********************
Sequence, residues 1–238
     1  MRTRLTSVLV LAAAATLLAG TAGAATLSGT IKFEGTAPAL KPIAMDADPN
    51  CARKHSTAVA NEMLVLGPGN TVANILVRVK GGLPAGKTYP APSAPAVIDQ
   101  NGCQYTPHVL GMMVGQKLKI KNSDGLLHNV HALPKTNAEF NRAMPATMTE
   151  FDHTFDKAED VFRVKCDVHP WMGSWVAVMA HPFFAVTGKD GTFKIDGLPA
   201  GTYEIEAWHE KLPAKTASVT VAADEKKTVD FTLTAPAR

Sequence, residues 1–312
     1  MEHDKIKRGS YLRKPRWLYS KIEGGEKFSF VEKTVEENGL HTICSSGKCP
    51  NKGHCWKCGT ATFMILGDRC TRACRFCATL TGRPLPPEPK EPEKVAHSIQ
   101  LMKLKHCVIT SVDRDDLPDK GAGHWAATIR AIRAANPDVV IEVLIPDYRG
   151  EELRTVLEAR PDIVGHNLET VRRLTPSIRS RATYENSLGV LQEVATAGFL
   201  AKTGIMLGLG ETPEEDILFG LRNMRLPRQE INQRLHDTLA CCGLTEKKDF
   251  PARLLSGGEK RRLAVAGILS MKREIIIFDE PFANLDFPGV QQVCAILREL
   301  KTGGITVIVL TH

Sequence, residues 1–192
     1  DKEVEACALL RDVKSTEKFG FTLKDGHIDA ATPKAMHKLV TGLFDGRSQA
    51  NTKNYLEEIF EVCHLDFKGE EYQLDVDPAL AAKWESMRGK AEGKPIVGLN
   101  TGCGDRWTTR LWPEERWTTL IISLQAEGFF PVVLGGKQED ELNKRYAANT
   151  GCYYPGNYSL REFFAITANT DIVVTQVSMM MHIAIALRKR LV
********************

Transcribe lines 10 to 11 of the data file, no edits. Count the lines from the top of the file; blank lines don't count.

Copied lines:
   101  LMKLKHCVIT SVDRDDLPDK GAGHWAATIR AIRAANPDVV IEVLIPDYRG
   151  EELRTVLEAR PDIVGHNLET VRRLTPSIRS RATYENSLGV LQEVATAGFL